Case File: Mr. Freeze’s Assault on Arkham Asylum
The case starts off with Gordon and company finding a bunch of cops who were iced by Mr. Freeze while he restocked on some of his much-needed supplies, where they learn that he wants his wife freed. This isn’t the strongest of premises for a case. but it works to get the ball rolling in that we get to see Captain Barnes go off on Mr. Freeze’s reckless disregard for human life. The plan that ensues involves the GCPD using Mr. Freeze’s wife, Nora, as bait to lure him into their trap. Things get complicated when Professor Strange learns of the plan and devises has a plan of his own to get his hands on Mr. Freeze’s formula for reanimation. There could have been other ways to get the formula into Professor Strange’s hands but this way shows how far Strange is willing to go in order to get his way. By episode’s end, Professor Strange has Mr. Freeze in his grasp and there is sure to be some exciting collaborations to come from these two.
Mr. Freeze’s story is greatly improved in this second part due to its being allowed to really dig into his emotional ties to his wife and how his love for her feeds into his obsession to try and keep her alive. We see Nora talk to Lee in several instances where we get better insight to Nora’s side of the story and how deeply she loves Mr. Freeze. Nora also learns about the awful things her husband has done in her name but still loves him and appreciates his loyalty to her which she repays him by being unwilling to work with the police to give him up. The story ends tragically when Nora realizes that it was their love and his inability to let her go that was making him into the monster he is and so she decides to make the ultimate sacrifice. She switches out the cartridge with the correct formula for one that would instantly kill her. The devastation is strongly felt through the performances of both actors in their final scenes together. Kristin Hager is very empathetic in her scenes with Lee, as much as she is with Mr. Freeze. Nathan Darrow as Freeze really shines when he discovers that the cryogenic formula was the wrong one and that she is falling apart like a porcelain doll by his own hand.
“A Dead Man Feels No Cold” is written by newcomer Seth Boston, who is possibly makes his credited debut with this episode. Boston’s strength is in smart dialogue with a strong sense of character. The theme of obsession ties Gordon’s story in parallel with Mr. Freeze’s as well as young Bruce’s. The direction by Eagle Egilsson is remarkable, as it often is on Gotham. The scene where the Penguin is “mind tortured” has a cool and effective transition sequence, and the excellent moment when Nora is frozen by Mr. Freeze deploys a smart use of lens flare. The scene is heightened by the musical themes that recall the snowglobe music emblematic of the original Paul Dini story. The production team does a great job making Gotham be grim yet beautiful as displayed with the frozen cops and the presentation of Mr. Freeze’s ice bomb, with horrifying icy shards exploding out of the dead victims.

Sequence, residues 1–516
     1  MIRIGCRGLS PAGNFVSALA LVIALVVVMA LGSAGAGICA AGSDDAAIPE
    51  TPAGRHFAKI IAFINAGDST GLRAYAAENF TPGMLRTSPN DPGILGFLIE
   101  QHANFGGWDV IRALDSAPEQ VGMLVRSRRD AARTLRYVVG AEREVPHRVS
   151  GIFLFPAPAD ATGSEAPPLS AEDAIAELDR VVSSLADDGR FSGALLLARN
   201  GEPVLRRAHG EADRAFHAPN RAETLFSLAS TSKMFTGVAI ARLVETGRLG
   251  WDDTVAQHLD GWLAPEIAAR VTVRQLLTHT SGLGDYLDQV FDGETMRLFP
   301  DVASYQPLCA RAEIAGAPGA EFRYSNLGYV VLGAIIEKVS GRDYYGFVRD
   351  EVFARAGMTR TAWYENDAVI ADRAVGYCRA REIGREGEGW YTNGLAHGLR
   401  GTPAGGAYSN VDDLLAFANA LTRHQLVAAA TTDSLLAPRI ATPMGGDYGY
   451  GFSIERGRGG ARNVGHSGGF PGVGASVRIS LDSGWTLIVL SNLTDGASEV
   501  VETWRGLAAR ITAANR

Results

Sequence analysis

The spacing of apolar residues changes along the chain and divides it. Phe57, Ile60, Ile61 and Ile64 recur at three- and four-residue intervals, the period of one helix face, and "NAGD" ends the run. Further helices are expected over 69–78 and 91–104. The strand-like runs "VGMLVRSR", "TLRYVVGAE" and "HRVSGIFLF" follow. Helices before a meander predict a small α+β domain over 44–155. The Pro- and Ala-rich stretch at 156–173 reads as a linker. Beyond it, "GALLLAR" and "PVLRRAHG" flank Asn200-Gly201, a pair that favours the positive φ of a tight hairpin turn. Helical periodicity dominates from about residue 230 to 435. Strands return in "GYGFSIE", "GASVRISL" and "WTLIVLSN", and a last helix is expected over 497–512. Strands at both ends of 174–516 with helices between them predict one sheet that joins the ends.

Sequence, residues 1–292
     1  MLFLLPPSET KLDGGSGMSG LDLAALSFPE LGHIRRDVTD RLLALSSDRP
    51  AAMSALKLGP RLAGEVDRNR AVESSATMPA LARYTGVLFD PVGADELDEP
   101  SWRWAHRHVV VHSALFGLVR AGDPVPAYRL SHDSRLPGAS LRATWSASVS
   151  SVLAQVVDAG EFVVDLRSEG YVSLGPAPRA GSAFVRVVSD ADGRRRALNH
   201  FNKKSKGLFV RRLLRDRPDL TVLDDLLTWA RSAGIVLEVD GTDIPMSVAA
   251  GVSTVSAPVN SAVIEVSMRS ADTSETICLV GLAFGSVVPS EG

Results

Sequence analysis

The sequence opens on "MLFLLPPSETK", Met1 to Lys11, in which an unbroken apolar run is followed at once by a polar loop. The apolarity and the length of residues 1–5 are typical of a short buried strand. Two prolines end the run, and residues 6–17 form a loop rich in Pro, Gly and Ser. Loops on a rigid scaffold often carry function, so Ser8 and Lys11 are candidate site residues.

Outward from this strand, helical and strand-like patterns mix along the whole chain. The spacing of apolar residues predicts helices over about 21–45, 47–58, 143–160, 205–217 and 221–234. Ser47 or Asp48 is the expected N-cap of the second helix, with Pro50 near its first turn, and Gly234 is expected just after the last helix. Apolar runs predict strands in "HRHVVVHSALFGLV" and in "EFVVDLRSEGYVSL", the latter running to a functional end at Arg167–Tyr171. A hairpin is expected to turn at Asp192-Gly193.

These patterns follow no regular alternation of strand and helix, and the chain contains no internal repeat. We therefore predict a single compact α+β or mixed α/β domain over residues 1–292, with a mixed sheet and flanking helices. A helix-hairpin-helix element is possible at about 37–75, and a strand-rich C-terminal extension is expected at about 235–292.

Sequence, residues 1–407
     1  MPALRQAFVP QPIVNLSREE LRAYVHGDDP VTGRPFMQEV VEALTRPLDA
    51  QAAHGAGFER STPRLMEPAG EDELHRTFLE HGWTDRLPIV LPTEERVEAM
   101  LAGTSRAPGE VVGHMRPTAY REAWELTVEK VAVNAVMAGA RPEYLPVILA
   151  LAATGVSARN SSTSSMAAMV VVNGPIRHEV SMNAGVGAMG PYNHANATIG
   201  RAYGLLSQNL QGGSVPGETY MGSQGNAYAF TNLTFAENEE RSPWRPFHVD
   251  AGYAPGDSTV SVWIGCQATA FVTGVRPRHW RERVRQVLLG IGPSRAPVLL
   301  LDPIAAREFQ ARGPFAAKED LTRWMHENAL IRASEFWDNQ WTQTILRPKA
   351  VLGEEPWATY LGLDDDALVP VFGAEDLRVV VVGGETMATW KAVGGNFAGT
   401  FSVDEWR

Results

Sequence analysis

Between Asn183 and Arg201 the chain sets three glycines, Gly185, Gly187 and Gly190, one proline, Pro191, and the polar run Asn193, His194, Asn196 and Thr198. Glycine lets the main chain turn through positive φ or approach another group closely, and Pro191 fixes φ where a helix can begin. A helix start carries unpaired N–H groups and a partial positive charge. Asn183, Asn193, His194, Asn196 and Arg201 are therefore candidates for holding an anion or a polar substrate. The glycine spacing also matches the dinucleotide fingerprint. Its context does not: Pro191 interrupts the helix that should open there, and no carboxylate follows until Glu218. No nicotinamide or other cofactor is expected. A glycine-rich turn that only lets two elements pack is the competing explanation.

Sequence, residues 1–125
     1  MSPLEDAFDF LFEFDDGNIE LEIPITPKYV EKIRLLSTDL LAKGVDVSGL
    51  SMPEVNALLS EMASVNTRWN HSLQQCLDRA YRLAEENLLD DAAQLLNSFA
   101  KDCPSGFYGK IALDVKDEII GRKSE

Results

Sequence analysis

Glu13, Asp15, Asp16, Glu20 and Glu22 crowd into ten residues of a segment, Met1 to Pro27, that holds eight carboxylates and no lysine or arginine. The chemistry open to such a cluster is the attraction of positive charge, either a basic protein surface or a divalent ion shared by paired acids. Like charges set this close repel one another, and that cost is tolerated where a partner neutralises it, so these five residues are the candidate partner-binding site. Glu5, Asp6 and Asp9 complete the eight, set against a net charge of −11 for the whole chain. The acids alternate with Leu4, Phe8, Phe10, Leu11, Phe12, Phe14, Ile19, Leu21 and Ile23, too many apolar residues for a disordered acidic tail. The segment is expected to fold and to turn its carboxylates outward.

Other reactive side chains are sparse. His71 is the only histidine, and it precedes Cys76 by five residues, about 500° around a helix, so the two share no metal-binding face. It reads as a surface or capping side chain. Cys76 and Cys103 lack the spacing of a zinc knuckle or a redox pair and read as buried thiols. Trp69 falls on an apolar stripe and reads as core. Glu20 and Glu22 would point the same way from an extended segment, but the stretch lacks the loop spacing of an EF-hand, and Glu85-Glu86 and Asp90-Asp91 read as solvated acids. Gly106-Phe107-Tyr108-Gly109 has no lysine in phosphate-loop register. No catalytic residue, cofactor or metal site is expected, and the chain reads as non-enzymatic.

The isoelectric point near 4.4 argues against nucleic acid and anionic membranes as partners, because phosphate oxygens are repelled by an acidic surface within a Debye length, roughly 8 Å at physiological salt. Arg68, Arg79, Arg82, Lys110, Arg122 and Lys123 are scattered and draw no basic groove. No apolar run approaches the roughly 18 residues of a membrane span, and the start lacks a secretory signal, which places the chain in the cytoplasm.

Gotham continues to be gruesome and stunning with its gritty style and spectacular visuals, and it appears that it will only get better as the season begins to deal with bigger and bolder villains.
- “Do you think I’m abnormal?” –Bruce to Lee. It’s fantastic to see these two interacting and seeing their friendship bloom.
- “I think people can be two things at once, don’t you?” –Bruce. More hints of Bruce developing his alter ego.
- Arkham Asylum nurses call Barbara Keane “Sleeping Beauty,” but Lee still calls her “bitch!” Can’t wait to see her wake up.
- The lair where Bruce is self-training is really starting to look like the inner cave of the Batcave. Wonder when he’ll put in the T-Rex and the giant penny.
- “Is it a boy or a girl? I always wanted a girl.” –Nora to Lee. I would bet on a girl – a Batgirl-to-be?
- “Thank you so much!” –Professor Hugo Strange. BD Wong is really great as Prof. Strange and his delivery of this line is so on point.
- “Know this, woman! Nobody has ever lived to regret vexing The Penguin, and YOU are vexing me. ” –The Penguin to Ms. Peabody. Looks like Ms. Peabody has a comeuppance in her future. Too bad, because Tonya Pinkins is a lot of fun as the character.
- “Death is a new beginning” –Professor Hugo Strange. Here in Gotham it sure does look like it.